Stuart, 29, of North Pickenham asks: "What are the roots/is the history of maths? Was it developed independently by various people around the world?"
|A hypercube unfolded into three dimensions so you can see it|
To answer the second question first: yes.
The answer to the first question is a little trickier to manage in a paragraph, but here goes: The roots of human mathematical understanding are in a few mental capabilities common to all humans. These include: spatial reasoning, counting, logic and abstraction (the ability to notice common properties in different objects). The interplay between these properties is the key here, I think. By applying logic to spatial reasoning you get Euclidian Geometry and you can abstract from those principles to imagine four-dimensional hypercubes that we could never actually see. A similar process will get you from counting sheep to imaginary numbers. As discussed last month, I see this process as discovery not development - it so happens that conditions on this planet have been such that creatures with brains sufficiently complex to comprehend mathematical truths have evolved. It's a big Universe, I bet it's happening all over the place. And the truths will be the same, whatever is comprehending them.
Clare, 32, of Southampton doesn't like numbers. She wants to know "Why do you think humans feel the need to quantify things?"
Well Clare, as usual it is the farmers who are to blame. Pre-agricultural societies such as the Piraha lack number words. Crucially, they do not lack the cognitive ability to understand numbers, so when a culture needs to develop a complex counting system - due to the development of farming, say, or the sudden arrival of hordes of Anthropology students demanding that they count batteries (this happens more frequently than the development of agriculture) - they can, as dismaying as that may be for you.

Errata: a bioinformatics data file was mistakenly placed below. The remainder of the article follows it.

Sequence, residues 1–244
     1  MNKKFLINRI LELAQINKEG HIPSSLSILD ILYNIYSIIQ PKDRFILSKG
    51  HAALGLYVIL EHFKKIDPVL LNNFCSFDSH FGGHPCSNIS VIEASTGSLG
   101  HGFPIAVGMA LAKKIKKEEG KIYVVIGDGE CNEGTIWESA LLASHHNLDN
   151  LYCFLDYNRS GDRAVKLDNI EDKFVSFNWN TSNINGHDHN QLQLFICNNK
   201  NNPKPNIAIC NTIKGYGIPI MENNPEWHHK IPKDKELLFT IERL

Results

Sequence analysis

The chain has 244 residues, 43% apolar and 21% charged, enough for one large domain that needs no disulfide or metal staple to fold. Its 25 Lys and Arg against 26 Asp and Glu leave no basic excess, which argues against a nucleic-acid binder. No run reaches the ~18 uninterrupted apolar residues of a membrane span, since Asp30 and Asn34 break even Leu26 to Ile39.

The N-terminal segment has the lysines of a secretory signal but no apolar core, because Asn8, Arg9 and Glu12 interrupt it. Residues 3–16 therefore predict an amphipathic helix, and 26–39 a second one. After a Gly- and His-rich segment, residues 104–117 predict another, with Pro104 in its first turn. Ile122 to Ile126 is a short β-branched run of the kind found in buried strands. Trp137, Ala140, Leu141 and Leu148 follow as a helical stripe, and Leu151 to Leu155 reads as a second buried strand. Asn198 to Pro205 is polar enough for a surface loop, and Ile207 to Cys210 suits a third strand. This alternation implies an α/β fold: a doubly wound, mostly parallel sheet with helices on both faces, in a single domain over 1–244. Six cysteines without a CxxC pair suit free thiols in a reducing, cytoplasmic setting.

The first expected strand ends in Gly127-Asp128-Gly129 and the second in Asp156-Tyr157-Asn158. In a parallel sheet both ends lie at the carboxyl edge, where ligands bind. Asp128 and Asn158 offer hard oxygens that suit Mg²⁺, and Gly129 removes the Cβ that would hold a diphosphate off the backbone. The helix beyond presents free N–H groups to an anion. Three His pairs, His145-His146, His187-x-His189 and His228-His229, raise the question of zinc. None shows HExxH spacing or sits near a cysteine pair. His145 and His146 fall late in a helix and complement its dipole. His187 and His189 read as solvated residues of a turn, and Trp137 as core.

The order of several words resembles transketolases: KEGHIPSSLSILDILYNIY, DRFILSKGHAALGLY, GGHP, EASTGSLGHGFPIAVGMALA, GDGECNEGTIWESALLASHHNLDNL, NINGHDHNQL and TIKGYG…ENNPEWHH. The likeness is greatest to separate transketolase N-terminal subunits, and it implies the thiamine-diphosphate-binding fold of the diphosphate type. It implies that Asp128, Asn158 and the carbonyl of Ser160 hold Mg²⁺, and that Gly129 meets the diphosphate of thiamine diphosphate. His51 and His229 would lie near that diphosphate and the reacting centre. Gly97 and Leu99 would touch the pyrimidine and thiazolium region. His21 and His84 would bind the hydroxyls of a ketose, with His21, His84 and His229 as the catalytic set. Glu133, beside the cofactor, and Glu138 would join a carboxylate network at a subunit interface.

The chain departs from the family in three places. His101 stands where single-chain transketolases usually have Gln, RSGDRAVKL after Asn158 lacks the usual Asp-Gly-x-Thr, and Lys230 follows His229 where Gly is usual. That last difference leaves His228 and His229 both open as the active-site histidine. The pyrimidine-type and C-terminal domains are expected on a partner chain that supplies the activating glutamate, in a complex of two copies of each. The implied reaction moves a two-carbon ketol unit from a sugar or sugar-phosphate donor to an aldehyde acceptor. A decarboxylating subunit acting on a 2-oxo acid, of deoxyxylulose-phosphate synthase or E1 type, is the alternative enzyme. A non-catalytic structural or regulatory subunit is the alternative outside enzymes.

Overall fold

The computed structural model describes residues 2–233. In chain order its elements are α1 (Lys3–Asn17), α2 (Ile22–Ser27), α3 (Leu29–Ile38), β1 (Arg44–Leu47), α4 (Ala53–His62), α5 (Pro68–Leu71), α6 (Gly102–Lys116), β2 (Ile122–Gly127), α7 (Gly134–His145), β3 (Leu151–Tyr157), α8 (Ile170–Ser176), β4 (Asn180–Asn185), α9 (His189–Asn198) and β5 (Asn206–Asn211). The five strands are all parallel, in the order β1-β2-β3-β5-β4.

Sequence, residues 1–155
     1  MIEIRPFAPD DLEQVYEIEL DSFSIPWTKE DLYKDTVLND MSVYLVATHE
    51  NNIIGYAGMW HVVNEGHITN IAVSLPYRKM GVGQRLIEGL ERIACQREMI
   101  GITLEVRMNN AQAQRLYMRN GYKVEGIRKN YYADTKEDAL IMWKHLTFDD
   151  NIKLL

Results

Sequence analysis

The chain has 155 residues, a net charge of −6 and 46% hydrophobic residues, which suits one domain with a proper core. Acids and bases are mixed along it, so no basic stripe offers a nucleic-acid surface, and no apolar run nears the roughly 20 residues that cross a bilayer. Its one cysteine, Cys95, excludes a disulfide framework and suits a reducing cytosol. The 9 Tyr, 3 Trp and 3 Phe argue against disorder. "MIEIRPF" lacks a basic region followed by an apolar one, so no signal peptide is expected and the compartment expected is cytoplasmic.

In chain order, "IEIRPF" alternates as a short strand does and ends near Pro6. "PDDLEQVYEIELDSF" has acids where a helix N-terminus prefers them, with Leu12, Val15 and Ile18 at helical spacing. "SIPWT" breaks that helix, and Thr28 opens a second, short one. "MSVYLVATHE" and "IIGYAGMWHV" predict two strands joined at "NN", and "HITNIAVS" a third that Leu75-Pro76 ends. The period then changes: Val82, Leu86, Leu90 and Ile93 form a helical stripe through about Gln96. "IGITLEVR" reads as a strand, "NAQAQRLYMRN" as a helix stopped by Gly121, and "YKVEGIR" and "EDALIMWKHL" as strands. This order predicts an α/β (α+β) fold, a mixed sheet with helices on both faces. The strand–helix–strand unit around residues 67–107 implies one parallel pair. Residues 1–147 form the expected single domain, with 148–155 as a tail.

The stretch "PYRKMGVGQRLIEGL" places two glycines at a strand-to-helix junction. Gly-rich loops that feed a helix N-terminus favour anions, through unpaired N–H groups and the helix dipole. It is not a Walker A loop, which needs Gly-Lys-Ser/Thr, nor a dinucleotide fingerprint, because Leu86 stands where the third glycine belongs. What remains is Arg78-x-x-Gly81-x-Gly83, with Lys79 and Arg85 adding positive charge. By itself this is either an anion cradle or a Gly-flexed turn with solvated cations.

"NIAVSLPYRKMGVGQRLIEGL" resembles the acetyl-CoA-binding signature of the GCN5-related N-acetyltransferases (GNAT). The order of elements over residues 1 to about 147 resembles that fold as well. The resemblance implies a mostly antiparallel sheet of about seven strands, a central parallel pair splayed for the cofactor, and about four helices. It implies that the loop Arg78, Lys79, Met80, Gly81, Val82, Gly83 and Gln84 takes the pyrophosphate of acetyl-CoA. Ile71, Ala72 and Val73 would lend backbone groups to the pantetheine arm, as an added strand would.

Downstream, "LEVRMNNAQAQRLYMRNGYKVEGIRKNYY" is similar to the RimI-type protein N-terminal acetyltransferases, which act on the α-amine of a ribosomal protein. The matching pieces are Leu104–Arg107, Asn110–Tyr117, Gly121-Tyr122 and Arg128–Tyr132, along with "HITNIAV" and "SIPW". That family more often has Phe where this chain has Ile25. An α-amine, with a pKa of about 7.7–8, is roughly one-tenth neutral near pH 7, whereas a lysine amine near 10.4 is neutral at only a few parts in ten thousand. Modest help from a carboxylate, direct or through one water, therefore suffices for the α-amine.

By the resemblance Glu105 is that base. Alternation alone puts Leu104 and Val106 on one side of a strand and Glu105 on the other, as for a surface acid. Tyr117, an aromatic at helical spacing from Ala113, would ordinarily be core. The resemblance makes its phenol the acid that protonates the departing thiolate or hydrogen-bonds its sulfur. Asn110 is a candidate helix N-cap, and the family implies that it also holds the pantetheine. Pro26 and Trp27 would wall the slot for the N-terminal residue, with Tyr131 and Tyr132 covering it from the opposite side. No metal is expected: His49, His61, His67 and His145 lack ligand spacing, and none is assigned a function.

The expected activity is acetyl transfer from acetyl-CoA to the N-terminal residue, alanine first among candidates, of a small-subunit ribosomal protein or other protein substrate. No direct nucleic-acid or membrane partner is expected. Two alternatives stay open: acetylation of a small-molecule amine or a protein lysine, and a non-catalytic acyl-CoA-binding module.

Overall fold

Anonymous sets up a false dichotomy with his question: "Do you think there's a logic to the mathematics of quantum physics that we haven't discovered yet? Or is it truly random?"
As I understand it, there are several competing explanations for observed quantum phenomena, none of which are compatible with the relativity we observe in the Macro-Universe. When dealing with large numbers of repeated experiments, probability theory can be used to make fairly accurate predictions.
Finally, Tim, 62, of Weymouth wants to know "Since when was elfs the plural of elf?"
It never has been. The plural of "elf" is "elves". I used the word "elfs" in a list of non-existent supernatural entities. So whatever the hell "elfs" are, I don't believe in them. (Still undecided about elves.)